An internal promoter/enhancer has been identified within the BPAG1 locus (see FIG. 6). This internal promoter/enhancer directs the in vivo expression of a lacZ reporter in epidermal keratinocytes, as well as in regions of the CNS which express Engrailed (e.g. midbrain). Therefore, it may act as a regulator of both BPAG1n and BPAG1e isoforms. To localize putative binding sites for Engrailed, within the BPAG1 internal promoter/enhancer, gel shift assays were performed using labeled BstNI restriction endonuclease fragments of the (−2466 to −93) promoter region and partially purified chicken En2 (En2) protein. As seen in FIG. 6A, the two larger fragments (−2226 to −1569) and (−810 to −89) shift in the presence of En2 (arrows) revealing the existence of functional binding sites.
The two fragments were analyzed by DNase I footprinting with EnHD. The footprinting reactions were performed with both labeled strands and gave identical results. Therefore, only the results for one strand are shown for each fragment. The (−810 to −89) and (−2226 to −1569) fragments revealed 5 specific footprints each (FIG. 6B). As seen in FIG. 6D, several of the protected areas (in bold) contain the ATTA consensus core sequence for homeodomain proteins, among these some are almost identical to the NP6 sequence TCAATTAAAT (SEQ ID NO:3), that has been shown to be the target for Engrailed in Drosophila. Two EnHD footprints do not contain any ATTA sequences (FIG. 6D).
To test whether these binding sites for EnHD would also be recognized by full-length Engrailed2, gel shift assays were performed with bacterially produced En2. Two pairs of oligonucleotides corresponding to two different protected areas were used. One (−2225 to −2180) contains three bona fide ATTA motifs while the other (−694 to −665) lacks any ATTA sequence (underlined in FIG. 6D). As seen in FIG. 6C, En2 formed two shifting complexes with both pairs of oligonucleotides, demonstrating, that En2 efficiently binds at least two sequences protected by EnHD in the footprinting analysis, including a sequence without any ATTA core.
The 2.3 kb HindIII/BamHI genomic fragment (position −2463 to −89) of BPAG1e conferring specific expression to reporter genes expressed in keratinocytes and in the CNS was placed in front of the luciferase gene in a pGL2 derived vector (pBP-luc). The reporter gene was co-transfected in GMA24FIA cells with a plasmid coding for full-length En2 or a Plasmid coding for En2 with deleted N-terminal domain (En2N). The latter En2N lacks the domain responsible for mediating active repression and is therefore expected to act like EnHD. The co-transfecting pBP-luc with increasing amounts of En2N results in a dose-dependent increase in promoter activity whereas full-length En2 has the opposite and also dose-dependent effect (FIG. 7). Co-transfection of increasing amounts of either plasmid with a β-galactosidase expressing plasmid demonstrated that the two plasmids had no influence on cell survival (not shown). In summary, we conclude, that En2 directly regulates BPAG1e promoter activity and that, in GMA24FIA cells, En2 and En2N have opposite effects on this activity.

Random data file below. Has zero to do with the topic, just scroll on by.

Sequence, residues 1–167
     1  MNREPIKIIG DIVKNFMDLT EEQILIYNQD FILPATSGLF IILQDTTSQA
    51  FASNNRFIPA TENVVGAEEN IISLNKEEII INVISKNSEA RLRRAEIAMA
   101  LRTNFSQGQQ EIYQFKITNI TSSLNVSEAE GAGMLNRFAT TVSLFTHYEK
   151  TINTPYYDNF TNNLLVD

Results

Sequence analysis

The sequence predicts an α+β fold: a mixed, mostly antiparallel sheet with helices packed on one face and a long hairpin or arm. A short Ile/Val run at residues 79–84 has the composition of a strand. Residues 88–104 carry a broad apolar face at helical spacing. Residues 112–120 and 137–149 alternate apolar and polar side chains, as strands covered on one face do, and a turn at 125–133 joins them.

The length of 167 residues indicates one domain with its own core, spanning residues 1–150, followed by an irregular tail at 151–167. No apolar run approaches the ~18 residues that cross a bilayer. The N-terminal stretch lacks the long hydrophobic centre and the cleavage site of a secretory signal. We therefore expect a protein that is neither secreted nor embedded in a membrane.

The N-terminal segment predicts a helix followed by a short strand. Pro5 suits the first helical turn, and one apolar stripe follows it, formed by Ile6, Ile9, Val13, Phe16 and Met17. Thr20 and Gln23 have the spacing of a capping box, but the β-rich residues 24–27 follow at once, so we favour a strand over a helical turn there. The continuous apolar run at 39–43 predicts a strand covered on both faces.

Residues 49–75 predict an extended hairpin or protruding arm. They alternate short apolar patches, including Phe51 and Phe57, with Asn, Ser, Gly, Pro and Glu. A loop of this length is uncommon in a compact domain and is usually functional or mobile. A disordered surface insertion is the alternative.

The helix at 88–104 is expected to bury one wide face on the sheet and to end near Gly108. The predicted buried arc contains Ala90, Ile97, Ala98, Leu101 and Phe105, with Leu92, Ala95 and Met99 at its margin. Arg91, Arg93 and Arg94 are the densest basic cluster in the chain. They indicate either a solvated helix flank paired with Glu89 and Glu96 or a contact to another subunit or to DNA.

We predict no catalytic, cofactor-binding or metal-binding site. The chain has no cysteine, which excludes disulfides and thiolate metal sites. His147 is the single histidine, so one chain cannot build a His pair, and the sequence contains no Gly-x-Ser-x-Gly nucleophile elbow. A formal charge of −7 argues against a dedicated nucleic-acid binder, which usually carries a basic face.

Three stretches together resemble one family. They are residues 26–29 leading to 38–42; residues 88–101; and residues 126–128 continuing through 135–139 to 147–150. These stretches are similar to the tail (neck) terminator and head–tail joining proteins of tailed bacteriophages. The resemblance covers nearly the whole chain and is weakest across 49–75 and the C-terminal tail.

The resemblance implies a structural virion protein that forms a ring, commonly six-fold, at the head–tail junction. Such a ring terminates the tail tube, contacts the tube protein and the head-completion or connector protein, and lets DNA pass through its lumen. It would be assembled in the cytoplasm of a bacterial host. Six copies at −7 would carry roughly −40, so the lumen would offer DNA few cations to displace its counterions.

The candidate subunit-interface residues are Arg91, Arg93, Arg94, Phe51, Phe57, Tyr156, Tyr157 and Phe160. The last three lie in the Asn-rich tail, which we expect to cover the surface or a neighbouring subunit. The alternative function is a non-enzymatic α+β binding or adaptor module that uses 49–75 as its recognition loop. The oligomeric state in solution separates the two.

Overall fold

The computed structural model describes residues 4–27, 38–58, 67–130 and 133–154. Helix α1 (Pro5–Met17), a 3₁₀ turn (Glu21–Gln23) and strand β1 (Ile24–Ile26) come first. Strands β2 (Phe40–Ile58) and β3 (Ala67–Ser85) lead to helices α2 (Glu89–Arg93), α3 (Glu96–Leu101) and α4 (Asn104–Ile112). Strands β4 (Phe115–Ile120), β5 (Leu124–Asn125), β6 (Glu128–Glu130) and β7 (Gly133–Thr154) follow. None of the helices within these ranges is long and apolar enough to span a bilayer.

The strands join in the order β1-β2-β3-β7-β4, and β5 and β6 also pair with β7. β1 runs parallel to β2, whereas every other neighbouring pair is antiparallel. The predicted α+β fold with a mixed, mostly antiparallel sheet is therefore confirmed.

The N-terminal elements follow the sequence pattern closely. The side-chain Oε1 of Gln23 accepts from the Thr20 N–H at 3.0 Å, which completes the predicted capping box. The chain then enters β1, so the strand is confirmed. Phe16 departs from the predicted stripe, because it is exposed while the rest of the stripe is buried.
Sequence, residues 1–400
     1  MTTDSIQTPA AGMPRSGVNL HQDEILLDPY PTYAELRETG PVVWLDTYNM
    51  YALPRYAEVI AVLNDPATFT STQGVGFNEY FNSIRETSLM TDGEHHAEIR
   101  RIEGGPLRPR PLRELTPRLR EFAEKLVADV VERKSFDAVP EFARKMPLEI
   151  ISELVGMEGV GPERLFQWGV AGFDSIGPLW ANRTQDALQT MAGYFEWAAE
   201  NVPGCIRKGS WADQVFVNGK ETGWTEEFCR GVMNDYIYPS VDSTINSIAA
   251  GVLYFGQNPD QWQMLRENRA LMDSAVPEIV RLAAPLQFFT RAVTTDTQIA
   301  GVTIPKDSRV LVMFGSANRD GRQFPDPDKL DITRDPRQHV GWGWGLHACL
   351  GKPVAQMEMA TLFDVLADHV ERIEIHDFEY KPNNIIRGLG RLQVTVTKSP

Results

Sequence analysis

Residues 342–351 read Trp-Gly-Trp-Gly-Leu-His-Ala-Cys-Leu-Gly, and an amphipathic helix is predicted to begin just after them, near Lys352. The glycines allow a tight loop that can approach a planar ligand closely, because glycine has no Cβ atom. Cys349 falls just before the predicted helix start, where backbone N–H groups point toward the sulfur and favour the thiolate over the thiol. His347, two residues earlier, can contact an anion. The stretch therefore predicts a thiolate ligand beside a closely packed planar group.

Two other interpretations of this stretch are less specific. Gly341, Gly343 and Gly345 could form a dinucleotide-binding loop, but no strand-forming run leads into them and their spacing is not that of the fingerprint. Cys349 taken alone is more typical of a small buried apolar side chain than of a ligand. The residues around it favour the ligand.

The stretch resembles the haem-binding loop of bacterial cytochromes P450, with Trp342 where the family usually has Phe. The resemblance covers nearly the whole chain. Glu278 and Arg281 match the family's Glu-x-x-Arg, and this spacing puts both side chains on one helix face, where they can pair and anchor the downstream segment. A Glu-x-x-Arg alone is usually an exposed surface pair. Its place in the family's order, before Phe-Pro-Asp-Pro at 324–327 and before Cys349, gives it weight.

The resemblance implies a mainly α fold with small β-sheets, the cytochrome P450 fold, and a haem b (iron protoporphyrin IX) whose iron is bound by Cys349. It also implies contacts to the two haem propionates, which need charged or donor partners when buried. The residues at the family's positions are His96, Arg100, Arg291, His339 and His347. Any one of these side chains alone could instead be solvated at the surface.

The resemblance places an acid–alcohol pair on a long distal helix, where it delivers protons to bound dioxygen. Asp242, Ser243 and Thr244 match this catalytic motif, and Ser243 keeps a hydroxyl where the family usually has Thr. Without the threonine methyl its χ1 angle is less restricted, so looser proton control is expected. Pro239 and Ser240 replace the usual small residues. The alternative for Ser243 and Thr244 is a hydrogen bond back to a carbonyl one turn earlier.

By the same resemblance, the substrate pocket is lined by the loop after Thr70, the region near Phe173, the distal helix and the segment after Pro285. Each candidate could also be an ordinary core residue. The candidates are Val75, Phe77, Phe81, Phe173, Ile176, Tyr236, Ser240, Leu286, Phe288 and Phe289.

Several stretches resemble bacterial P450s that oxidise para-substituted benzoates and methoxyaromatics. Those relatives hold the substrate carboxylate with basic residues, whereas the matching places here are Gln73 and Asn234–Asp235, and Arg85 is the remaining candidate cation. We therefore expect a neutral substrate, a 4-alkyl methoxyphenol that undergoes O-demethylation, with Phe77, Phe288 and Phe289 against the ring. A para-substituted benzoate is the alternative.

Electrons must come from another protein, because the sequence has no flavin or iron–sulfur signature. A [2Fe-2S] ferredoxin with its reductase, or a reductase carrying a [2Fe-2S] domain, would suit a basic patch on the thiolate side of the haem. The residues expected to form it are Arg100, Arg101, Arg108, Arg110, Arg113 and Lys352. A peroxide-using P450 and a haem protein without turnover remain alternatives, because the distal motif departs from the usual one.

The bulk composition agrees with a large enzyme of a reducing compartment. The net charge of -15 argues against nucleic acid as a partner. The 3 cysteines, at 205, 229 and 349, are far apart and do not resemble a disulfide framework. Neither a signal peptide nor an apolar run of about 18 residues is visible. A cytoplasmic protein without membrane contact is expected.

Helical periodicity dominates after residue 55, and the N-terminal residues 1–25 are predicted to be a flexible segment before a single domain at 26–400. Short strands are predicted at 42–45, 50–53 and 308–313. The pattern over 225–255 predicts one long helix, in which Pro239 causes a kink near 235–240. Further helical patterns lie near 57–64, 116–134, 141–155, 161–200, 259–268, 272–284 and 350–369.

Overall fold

Gene trap technology has been used herein to identify and randomly mutate genes in ES cells. These gene trap integrations can be further screened for specific expression patterns in vivo and in vitro. Now, we have further developed this technology to identify and mutate genes regulated by homeodomain-containing proteins. This novel approach has several advantages over other technologies aimed at identifying differentially expressed genes such as the two-hybrid system and differential display. The tagged target genes can be easily cloned and characterized using PCR strategies. The expression of the trapped target genes can be studied following reporter gene activity in chimeras and F1 progenies, thus allowing to predetermine cell and tissue specific interactions. Reporter gene expression can be used as a helpful marker to dissect the network of genetic interactions. The integrations might result in a mutant phenotype which can be studied after germ line transmission.
To identify rare gene trap vector integrations into genes which are active downstream in specific genetic pathways, the classical screening procedure was improved. To this end a thymidine kinase gene fused to an internal ribosomal entry site (IRES) 3′ of the LacZ gene was included into the PT1 gene trap vector. Most integrations into constitutively active genes could thus be eliminated by the addition of ganciclovir to the selection medium. The use of this novel bicistronic vector, in combination with the replica plating technique allowed us to screen a large number of gene trap vector integrations and to specifically identify target genes of exogenously added homeodomain containing transcription factors.